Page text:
A Case of Diplomacy

So I’ve been going to the same Chinese reflexologist/massage magician for five years, and we’ve developed a kind of friendly banter despite his extremely limited English and my virtually non-existant Mandarin. We communicate sometimes via translation apps on our phones. He’s let me know that authentic Chinese food is the best thing out there, and I’ve told him I’m open to new foods.

Last night he apparently decided to begin my introduction to real Chinese food. He types something into his phone, shows it to me, and his message says that he cooked the food that day and would I eat a chicken’s foot? Huge grin on his face. And I mean HUGE. There I am, getting the most divine massage (because he’s truly gifted), and there’s nothing on my mind but the stresses of the day flowing out, leaving behind peace, calmness, and tranquility. Guilt-free pleasure at the hands (haha – see what I did there?) of a kind and funny man. I figure he’s joking, though, so I give him a cheeky grin and a thumbs-up.

The massage continues, and I realize, Whew, yes, thank goodness he was joking! Until suddenly he get up and leaves the room, returning with a small bowl and an even bigger grin than before, if that’s possible. Inside the bowl was, yep, a chicken foot. Toenails and all.

Now, look, I love this man in a “I can’t communicate with you but you know my body better than most people” way. And I’m pretty adventurous in most things. I have no issue whatsoever with the concept of eating chicken feet; it’s just doing the actual eating that gives me pause. I look into this bowl, and I look up with an expression of “WTH???”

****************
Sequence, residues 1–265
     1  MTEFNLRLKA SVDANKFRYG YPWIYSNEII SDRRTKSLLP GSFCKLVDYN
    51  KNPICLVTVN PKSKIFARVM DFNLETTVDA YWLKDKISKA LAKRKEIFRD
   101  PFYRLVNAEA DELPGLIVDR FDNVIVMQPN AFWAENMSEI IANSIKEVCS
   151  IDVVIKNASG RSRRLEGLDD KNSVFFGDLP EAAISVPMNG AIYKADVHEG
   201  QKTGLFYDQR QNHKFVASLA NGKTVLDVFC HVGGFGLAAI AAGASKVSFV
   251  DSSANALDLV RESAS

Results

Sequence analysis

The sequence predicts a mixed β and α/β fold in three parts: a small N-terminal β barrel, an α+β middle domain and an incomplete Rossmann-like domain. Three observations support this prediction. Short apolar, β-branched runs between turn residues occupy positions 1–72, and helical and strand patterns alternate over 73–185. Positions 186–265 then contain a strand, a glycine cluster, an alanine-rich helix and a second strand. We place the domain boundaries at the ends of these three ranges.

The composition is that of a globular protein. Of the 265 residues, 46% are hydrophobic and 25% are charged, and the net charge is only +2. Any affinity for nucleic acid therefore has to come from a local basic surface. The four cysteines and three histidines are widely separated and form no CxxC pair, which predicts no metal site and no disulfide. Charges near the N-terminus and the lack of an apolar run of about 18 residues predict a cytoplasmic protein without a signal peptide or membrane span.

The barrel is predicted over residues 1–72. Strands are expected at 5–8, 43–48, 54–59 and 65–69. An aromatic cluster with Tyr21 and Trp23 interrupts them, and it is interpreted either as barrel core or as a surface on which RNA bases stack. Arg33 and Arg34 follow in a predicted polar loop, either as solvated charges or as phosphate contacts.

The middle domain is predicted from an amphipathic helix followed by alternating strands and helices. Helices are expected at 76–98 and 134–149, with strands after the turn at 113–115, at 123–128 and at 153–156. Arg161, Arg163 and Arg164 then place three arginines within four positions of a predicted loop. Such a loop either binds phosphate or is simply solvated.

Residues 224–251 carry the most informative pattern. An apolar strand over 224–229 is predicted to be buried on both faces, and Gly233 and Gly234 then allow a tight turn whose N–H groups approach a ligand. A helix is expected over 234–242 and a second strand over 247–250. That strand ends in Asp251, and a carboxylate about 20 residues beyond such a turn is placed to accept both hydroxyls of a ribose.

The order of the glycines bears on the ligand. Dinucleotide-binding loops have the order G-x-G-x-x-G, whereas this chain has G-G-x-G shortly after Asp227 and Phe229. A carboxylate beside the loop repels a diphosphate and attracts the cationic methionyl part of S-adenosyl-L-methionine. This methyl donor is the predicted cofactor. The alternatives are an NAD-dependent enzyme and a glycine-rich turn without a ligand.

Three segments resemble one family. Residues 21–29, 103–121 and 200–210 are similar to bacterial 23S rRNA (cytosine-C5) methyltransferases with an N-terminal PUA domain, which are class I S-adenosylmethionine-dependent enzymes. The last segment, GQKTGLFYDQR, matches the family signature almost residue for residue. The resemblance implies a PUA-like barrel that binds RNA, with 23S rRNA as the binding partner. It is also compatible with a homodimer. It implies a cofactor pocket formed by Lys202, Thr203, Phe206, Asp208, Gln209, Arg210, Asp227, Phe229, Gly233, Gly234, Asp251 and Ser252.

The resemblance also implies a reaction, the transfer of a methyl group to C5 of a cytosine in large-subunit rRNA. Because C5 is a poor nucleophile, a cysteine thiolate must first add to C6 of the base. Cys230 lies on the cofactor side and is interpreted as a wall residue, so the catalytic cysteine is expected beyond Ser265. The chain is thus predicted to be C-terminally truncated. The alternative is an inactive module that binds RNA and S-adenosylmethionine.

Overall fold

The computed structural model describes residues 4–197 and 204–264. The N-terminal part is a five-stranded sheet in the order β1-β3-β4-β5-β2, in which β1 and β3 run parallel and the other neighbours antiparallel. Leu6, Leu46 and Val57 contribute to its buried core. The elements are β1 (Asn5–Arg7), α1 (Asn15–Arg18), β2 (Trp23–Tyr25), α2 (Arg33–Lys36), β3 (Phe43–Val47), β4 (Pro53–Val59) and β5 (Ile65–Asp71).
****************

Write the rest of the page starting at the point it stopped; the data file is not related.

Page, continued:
Now, the thought behind the quizzical look on my face is actually “You’ve got to be kidding me,” but he interpreted it as “How do I do this, exactly?” So he took the foot and showed me how to eat it. Bite off a claw, eat the meat (what meat?!) and spit out the bones.

I’m weighing my options at this point. I can’t run out screaming. I’m not clothed enough to do that. Modestly covered with a towel, of course, but I don’t want to shock the other patrons. I could say no thanks, but the look of hopeful anticipation on my friend’s face was rather endearing. Native-born Chinese and other Asians in our country experience enough unkindness already from some (many) people that I didn’t want to appear to be critical of his cultural norms.
Chicken foot
I took the third option. After first removing the toenails (sorry, my friend, I’m just not THAT adventurous), I closed my eyes, said a heartfelt prayer for (a) improved Sino-American relations; and (b) my own gastrointestinal system, and I ate that foot.
Afterward, he had the thoughtfulness to inform me via text message that chicken feet are full of collagen, which is very good for the skin. I nearly threw his phone at him. Gee, thanks. I already knew that. I have an Instant Pot and I belong to this great group, and I know all about the wonders of chicken feet and collagen. But my plan always has been to work up the courage to make chicken-foot bone broth, not to jump in feet first (see, I did it again) the way things actually went down. After this experience, though, I must say that the thought of making chicken-foot bone broth isn’t nearly as intimidating as it was…Not sure how long I’ll be picking bones out of my teeth, though…